Accessibility at MozFest
MozFest is Mozilla’s annual meeting of minds in London every October. The festival has a feeling of inclusivity: everyone is welcome and everyone is valued for what they have to contribute. MozFest is the kind of place where people new to tech can have a conversation over a craft activity, and find out later they were speaking with one of the original visionaries behind Firefox!
This year we’re making a real effort to make the festival even more accessible to people with disabilities so as many people as possible can attend in comfort. Our brain or body may work in different ways, but our ideas are equally valid.
To ensure everyone has all they need from the very start of the festival, there will be a specially designated person to welcome you at the registration desk, there to help answer questions, offer resources and guidance about the weekend.
We understand that there are people who do not wish to be photographed for many reasons. If you are one of these people, please ask for a special coloured lanyard at registration. We will not use any yellow lanyards in our communications or website, nor will we share these photos on our Flickr page. All participants are made aware of these lanyards and the importance of respecting them.
Blind and Visually Impaired:
You may be having this page screen read or are looking at it through a magnifier. We will have the slides for the Saturday morning plenary presentation and speaker series available to view through your own device to allow you to have the settings needed to be able to access the information. We are asking facilitators to consider providing notes to their sessions available in digital formats which are possible to be screen read.
We are striving to improve the accessibility of our website and are working towards making more key information compatible with screen readers. Your feedback is incredibly valuable if you have any comments or suggestions.
Our schedule will be published using the Guidebook app, which has many accessibility features when used with compatible assistive technologies.
There will be Braille signage around the venue to help navigate the 9 floors of Ravensbourne and the lifts will tell you where you are!
For people who find their senses are bombarded with information, there will be a quiet space to retreat to for recovery, ear defenders are common and encouraged, and talks will be broadcast at a lower volume in a separate area if the main hall is too much to handle. Blank spaces on walls throughout the venue will be deliberately left to allow eyes to take a break from visual overstimulation.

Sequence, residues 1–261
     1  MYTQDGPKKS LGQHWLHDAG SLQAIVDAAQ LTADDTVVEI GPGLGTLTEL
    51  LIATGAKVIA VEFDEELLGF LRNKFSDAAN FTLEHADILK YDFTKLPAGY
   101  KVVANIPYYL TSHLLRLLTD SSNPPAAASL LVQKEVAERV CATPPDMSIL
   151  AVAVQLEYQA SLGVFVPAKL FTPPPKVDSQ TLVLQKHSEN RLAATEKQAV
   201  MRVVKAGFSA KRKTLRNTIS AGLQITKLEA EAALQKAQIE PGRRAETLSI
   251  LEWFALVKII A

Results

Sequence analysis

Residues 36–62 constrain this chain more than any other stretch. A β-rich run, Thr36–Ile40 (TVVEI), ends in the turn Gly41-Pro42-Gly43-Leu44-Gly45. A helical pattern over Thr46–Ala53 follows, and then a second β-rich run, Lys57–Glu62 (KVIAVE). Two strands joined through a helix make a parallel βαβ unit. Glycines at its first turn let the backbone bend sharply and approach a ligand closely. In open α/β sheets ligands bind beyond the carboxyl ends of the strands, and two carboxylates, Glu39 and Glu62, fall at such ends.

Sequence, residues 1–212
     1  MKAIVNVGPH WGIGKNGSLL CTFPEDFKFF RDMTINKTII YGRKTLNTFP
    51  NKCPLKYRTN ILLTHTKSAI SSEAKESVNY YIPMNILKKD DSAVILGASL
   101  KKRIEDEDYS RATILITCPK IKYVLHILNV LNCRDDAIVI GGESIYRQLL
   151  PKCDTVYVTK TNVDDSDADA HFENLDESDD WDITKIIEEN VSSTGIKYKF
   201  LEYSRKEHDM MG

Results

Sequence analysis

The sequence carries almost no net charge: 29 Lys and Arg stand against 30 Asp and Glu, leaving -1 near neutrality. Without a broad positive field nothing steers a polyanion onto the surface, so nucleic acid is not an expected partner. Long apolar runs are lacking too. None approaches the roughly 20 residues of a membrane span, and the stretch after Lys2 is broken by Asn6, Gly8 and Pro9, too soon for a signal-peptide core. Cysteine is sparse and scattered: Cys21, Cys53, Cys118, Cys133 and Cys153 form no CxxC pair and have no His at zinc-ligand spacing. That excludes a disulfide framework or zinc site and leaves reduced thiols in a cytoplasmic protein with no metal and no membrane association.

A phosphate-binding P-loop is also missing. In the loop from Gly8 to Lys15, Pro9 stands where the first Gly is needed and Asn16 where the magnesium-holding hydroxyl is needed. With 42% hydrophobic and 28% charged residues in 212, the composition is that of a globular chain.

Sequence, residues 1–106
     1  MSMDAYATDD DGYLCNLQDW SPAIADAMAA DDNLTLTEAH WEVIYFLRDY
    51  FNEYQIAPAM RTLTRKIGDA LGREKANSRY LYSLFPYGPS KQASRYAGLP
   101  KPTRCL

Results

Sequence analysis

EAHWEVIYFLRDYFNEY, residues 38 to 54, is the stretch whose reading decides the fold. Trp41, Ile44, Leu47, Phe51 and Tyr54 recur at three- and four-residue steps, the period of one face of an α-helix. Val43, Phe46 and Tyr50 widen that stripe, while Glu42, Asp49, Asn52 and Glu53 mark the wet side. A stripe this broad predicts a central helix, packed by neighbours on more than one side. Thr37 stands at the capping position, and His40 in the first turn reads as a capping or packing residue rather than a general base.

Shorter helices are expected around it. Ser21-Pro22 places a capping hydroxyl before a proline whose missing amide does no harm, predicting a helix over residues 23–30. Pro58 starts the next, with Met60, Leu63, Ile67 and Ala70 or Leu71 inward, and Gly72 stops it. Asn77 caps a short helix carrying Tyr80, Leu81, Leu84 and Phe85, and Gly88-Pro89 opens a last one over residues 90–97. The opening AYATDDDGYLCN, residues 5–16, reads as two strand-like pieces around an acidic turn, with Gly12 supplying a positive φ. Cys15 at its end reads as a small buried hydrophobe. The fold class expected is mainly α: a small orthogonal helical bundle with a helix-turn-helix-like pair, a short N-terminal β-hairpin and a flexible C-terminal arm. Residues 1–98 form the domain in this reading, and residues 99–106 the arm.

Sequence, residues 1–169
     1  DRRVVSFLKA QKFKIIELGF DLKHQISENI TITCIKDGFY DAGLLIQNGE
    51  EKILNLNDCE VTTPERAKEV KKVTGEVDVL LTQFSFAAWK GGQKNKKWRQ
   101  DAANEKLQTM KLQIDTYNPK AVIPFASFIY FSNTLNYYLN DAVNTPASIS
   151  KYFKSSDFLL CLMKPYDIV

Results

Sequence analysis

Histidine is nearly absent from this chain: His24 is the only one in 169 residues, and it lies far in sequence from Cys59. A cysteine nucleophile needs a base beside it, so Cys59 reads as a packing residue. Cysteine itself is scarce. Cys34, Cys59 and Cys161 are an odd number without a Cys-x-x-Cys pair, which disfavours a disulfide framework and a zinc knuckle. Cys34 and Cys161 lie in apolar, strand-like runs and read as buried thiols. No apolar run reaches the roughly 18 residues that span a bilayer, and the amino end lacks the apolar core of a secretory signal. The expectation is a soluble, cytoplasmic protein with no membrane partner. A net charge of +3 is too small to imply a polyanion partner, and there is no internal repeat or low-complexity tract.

Some people develop their own personal coping methods, and we want you to feel comfortable in all spaces. You are welcome to display these behaviours throughout the festival. We will also have a private, but not necessarily quiet, space to wind down after sessions; prepare for the next session or the journey home; or let out physical and vocal behaviours which you may not feel comfortable sharing in public.
On Saturday morning, we will have a familiarisation session at 8:00 before the crowds arrive. You can choose to either explore the building alone, or have a tour. This will be an opportunity to ask questions and get to know the building and festival a little better. Arriving earlier will mean the tube station will be quieter too. Please let us know in advance if you’re planning to be there so we don’t get started without you: email@example.com
Deaf and Hearing Impaired:
The Saturday morning plenary and speaker series will be live captioned. These will be shown on a screen in the venue, but will also be available on your personal device to allow you to read them at your own pace.
We are looking into getting sign interpreters, but are still learning and welcome any ideas about how to make this work with over 40 sessions scheduled at any one time. If you require a sign interpreter, we will do our very best to accommodate you, but please give us as much notice as possible — the end of September at the very latest!